Human Eggs Grown in the Lab Could Produce Unlimited Supply of Humans

B0001451 Newly fertilised human egg Credit: Alan Handyside. Wellcome Images Human egg soon after fertilisation viewed using Nomarski optics. The two parental pronuclei are clearly visible and have not yet fused. Nomarski optics micrograph Published: - Copyrighted work available under Creative Commons by-nc-nd 2.0 UK, see Wellcome Images

The first human eggs grown from human stem cells could be fertilized with human sperm cells later this year, potentially revolutionizing fertility treatment for women. This could be one more step on the path toward reproduction sans human interaction — in this case, a potential parent wouldn’t even need to donate her eggs. But it could also turn stem cells into an infinite loop, of egg cells into embryos into stem cells, and on and on, in a fractal-like repetition of reproduction.

In February, we heard about a study involving Japanese women whose reproductive stem cells were donated because they were undergoing gender reassignment surgery. Researchers at Massachusetts General Hospital were able to coax these ovarian stem cells into becoming immature human egg cells, which were then incubated in mice so they’d have the proper ovarian structures. Now these same scientists, working with a team at Edinburgh University, want to fertilize them.

After sperm implantation, the scientists would watch the blastocysts develop into embryos for two weeks — the legal limit — and determine if they’re viable. Then these embryos would either be frozen or “allowed to perish,” according to the Independent. The tests would validate the stem-cell-derived human eggs, more properly called oocytes, and serve as an early indicator of whether they could someday be used to eradicate infertility.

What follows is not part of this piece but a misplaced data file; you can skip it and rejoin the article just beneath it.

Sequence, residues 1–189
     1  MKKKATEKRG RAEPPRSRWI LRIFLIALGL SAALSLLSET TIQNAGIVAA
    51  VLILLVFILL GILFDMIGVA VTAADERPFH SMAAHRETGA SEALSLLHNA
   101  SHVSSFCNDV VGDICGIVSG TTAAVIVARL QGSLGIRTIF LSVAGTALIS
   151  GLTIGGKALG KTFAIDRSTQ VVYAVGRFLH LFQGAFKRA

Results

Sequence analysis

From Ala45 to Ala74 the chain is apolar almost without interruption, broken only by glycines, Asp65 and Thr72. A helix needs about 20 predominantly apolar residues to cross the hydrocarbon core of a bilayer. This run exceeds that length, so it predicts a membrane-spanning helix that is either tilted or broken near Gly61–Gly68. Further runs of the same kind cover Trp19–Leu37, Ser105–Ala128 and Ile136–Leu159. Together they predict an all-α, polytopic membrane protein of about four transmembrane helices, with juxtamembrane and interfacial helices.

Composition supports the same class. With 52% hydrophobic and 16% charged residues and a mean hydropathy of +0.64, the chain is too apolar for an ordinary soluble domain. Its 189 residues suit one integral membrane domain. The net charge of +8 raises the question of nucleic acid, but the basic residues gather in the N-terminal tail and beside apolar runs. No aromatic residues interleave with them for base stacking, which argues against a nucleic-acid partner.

Stem-cell derived oocytes could replenish the stocks of women undergoing menopause, or they could be used to allow infertile women to reproduce. The Independent goes so far as to mention an “elixir of youth,” wherein women of any age are full of stem-cell derived oocytes, remaining fertile and youthfully healthy forever.

This potential stem cell-based embryo construction still faces some hurdles — reproductive biologists are applying for a license to the Human Fertilisation and Embryology Authority in the UK. But if it’s approved, the eggs could be fertilized this year, according to the Independent.

Stem cells hold such great promise because they can differentiate into any cell, potentially replacing neurons, islet cells, kidney cells and more. But this research conceivably turns stem cells into an infinite supply of cellular material. The stem cell eggs would obviously most likely be used to help women conceive a child, but it’s not a huge leap to much more frightening scenarios: Stem cells turned into human egg cells, which could be fertilized to grow embryos, which would contain more stem cells, which could in turn be harvested …. and so on, as self-contained stem cell factories. It will be interesting to see how the UK authority interprets the possibilities.